Le 07-nov.-06, à 20:10, Tom Caylor a écrit :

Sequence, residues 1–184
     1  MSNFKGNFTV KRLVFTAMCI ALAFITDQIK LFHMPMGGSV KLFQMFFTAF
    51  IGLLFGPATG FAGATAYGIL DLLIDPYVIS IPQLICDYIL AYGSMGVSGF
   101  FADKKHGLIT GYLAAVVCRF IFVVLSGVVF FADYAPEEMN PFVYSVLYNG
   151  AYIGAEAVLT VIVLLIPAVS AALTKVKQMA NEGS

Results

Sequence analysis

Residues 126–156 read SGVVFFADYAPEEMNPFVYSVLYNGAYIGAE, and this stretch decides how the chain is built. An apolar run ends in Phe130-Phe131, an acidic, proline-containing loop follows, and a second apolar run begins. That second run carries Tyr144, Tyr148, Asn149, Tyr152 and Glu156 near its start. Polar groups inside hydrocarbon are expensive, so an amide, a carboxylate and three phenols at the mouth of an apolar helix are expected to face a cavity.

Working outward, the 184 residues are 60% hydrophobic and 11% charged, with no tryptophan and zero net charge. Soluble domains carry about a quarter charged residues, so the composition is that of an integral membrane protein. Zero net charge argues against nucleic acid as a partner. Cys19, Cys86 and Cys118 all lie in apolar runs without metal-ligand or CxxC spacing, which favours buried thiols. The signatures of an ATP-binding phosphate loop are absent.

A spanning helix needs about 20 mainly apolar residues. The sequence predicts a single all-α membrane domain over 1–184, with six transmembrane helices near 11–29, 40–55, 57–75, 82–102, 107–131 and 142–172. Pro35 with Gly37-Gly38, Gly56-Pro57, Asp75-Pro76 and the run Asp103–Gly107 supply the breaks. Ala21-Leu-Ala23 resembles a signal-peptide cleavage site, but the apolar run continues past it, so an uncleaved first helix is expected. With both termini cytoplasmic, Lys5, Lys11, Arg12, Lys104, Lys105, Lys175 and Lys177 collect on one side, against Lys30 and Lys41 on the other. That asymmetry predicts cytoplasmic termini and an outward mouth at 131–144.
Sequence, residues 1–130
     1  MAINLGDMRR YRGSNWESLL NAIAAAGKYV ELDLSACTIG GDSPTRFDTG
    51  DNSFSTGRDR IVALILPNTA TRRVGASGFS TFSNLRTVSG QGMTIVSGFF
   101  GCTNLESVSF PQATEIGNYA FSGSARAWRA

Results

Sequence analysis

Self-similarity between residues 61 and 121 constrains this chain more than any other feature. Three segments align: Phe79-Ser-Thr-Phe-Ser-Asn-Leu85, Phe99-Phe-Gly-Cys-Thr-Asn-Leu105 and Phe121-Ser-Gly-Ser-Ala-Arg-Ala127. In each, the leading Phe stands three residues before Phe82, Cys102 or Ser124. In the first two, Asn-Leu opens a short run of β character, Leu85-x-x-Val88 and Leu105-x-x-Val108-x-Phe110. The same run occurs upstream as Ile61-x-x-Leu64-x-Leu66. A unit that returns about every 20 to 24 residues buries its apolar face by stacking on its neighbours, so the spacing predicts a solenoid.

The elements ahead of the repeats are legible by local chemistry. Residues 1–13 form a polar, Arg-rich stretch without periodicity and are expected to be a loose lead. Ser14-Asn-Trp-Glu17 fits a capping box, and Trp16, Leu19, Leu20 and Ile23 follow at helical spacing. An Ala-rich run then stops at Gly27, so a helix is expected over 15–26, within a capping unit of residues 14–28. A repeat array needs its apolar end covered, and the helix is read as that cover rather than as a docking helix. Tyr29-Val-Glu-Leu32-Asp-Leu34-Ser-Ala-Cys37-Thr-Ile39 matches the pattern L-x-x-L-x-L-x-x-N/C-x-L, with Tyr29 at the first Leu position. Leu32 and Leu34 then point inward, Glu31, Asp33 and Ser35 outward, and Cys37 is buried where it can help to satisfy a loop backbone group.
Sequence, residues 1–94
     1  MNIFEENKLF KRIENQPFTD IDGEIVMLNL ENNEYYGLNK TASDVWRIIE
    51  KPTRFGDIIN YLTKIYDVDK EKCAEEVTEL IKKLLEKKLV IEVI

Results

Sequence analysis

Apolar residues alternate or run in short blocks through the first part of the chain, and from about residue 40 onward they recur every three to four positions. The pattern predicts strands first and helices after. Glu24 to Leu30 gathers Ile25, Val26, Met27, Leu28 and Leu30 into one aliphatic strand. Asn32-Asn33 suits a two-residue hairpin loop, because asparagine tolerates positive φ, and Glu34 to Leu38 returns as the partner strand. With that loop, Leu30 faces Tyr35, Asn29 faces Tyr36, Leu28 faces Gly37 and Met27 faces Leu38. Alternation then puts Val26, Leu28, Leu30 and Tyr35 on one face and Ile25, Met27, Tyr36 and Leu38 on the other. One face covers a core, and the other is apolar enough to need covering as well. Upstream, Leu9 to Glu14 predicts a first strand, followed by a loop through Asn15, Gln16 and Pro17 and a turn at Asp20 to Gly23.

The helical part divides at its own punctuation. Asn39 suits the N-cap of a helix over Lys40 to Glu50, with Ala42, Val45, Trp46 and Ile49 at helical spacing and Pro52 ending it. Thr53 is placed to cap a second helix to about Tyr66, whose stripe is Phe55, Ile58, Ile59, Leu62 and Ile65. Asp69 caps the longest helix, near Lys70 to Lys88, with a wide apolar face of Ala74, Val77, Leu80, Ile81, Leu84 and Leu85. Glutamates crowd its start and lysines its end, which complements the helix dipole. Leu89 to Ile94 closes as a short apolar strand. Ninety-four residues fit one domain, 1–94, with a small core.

> > Brent Meeker wrote: >> Tom Caylor wrote: >>> Brent Meeker wrote: >>>> Tom Caylor wrote: >>>>> Bruno has tried to introduce us before to the concept of universes >>>>> or >>>>> worlds made from logic, bottom up (a la constructing elephants). >>>>> These >>>>> universes can be consistent or inconsistent. >>>>> >>>>> But approaching it from the empirical side (top down rather bottom >>>>> up), >>>>> here is an example of a consistent structure: I think you assume >>>>> that >>>>> you as a person are a structure, or that you can assume that >>>>> temporarily for the purpose of argument. You as a person can be >>>>> consistent in what you say, can you not? Given certain assumptions >>>>> (axioms) and inference rules you can be consistent or inconsistent >>>>> in >>>>> what you say. >>>> Depending on your definition of consistent and inconsistent, there >>>> need not be any axioms or inference rules at all. If I say "I'm >>>> married and I'm not married." then I've said something inconsistent >>>> - regardless of axioms or rules. But *I'm* not inconsistent - just >>>> what I've said is. >>>> >>>>> I'm not saying the what you say is all there is to who >>>>> you are. Actually this illustrates what I was saying before about >>>>> the >>>>> need for a "reference frame" to talk about consistency, e.g. "what >>>>> you >>>>> say, given your currently held axioms and rules". >>>> If you have axioms and rules and you can infer "X and not-X" then >>>> the axioms+rules are inconsistent - but so what? Nothing of import >>>> about the universe follows. >>>> >>> >>> Yes, but if you see that one set of axioms/rules is inconsistent with >>> another set of axioms/rules, then you can deduce something about the >>> possible configurations of the universe, but only if you assume that >>> the universe is consistent (which you apparently are calling a >>> category >>> error). A case in point is Euclid's fifth postulate in fact. By >>> observing that Euclidean geometry is inconsistent with non-Euclidean >>> geometry (the word "observe" here is not a pun or even a metaphor!), >>> you can conclude that the local geometry of the universe should >>> follow >>> one or the other of these geometries. >> >> No, you are mistaken. You can only conclude that, based on my >> methods of measurement, a non-Euclidean model of the universe is >> simpler and more convenient than an Euclidean one. >> >>> This is exactly the reasoning >>> they are using in analyzing the WIMP observations. >> >> The WIMP observations are consistent with a Euclidean >> model...provided you change a lot of other physics. >> >>> Time and again in >>> history, math has been the guide for what to look for in the >>> universe. >>> Not just provability (as Bruno pointed out) inside one set of >>> axioms/rules (paradigm), but the most powerful tool is generating >>> multiple consistent paradigms, and playing them against one another, >>> and against the observed structure of the universe. >> >> Right. As my mathematician friend Norm Levitt put it,"The duty of >> abstract mathematics, as I see it, is precisely to expand our >> capacity for hypothesizing possible ontologies." >> > > This quote is basically what I've been trying to get at. The possible > ontologies are the multiple self-consistent paradigms that I was > referring to. When we keep finding that "using abstract math to > hypothesize" actually works in guiding us correctly to what to look > for, then we have to start believing that there's got to be some kind > of truth to math that is greater than trivial self-consistent logical > inference. I think this is what Bruno is getting at with the border > between G (provable truth) and G* (provable and unprovable truth). > Math helps us find not just G, but we can also explore the border of G > and G*. Yes. Note that a lobian machine M1 can *deduce* the G and the G* corresponding to a simpler lobian machine M2, but can only "infer" or "hope" or "fear" ... about its own G*. Remark: I recall for others that G is the modal logic which axiomatizes completely the self-referential provable discourse of "sufficiently powerful classical proving machine", and G* formalize completely (at some level) the true discourse (the provable one and the inferable one). It corresponds to the third person point of view (the second hypostase of Plotinus). G is the discursive, G* is the "divine" one (true). The main axiom of G is B(Bp -> p) -> Bp" and its arithmetical interpretation is lob theorem. Exercise: deduce from Godel's theorem it (I have already answer it but ask if you don't find the answer). B represents here Godel's provability predicate: Godel's theorem = ~Bf -> ~B(~Bf) (If the false is not provable, then that fact itself is not provable). >> Agreement would be great. But the proof of scientific pudding is >> predicting something suprising that is subsequently confirmed. >> >> Brent Meeker Tom: > I would like to hear Bruno's thoughts on comp with respect to > prediction of global aspects such as geometry, as I brought up in the > above paragraph from a previous post. A sort of physical geometry should arise from the Bp & Dp (& p) povs. Mathematical geometry can occur through Minkowski geometry of numbers, or even just the traditional cartesian mapping between numbers and geometry. > > Also, a thought comes to mind that Bruno once said something about > reality (physics, sensations?) arising from our ignorance of the > absolute border between G and G*. Recall that the gap between G and G*, i.e. between proof and truth (by and about the machine) is lifted to "intelligible matter (Bp & Dp)" and "sensible matter (Bp & Dp & p)", that is the "probability 1" logic define in G. I will say more later. > This brings me back to the analogy > of the Mandelbrot set. We can never know the actual absolute border of > the Mandelbrot set. If we were asked to point out even one > (non-trivial) point on the complex plain that is exactly on the border, > we wouldn't be able to do it. However, if we take a finite number of > iterations of the recursive equation, we get a definite border, which > is an approximation. We get an actual instantiation/shape we can > interact with, something that kicks back, something akin to reality. > Again, as I originally proprosed, perhaps this is like the measurement > process in physics, or even the process of setting your coffee cup on > the table... In my view the table doesn't kick back any more than the > Mandelbrot set. I completely agree with you. Actually I have a precise argument that the Mandelbrot set is "turing universal", and Blub Shub and Smale give a proof of this in the frame of the theory of the partial recursive functions defined on a ring (like R or C). Bruno http://iridia.ulb.ac.be/~marchal/ --~--~---------~--~----~------------~-------~--~----~ You received this message because you are subscribed to the Google Groups "Everything List" group. To post to this group, send email to everything-list@googlegroups.com To unsubscribe from this group, send email to [EMAIL PROTECTED] For more options, visit this group at http://groups.google.com/group/everything-list?hl=en -~----------~----~----~----~------~----~------~--~---